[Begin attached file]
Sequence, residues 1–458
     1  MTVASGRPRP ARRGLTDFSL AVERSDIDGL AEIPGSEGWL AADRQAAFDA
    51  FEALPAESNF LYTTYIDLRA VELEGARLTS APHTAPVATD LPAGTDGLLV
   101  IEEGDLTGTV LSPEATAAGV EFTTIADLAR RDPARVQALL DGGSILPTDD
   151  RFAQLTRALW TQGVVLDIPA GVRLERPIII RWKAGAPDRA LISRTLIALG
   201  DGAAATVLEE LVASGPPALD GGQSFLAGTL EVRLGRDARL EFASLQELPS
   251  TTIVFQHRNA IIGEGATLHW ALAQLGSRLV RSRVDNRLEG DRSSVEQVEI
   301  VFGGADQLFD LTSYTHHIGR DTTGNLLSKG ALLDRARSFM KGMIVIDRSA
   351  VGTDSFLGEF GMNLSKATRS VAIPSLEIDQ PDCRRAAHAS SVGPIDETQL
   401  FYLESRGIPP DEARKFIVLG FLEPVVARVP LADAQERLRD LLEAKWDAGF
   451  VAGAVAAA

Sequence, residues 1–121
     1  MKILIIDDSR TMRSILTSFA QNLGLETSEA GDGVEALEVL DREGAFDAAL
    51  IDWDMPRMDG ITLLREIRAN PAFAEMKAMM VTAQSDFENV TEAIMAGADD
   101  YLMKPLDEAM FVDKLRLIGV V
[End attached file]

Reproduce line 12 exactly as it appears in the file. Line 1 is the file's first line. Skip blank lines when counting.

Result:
Sequence, residues 1–121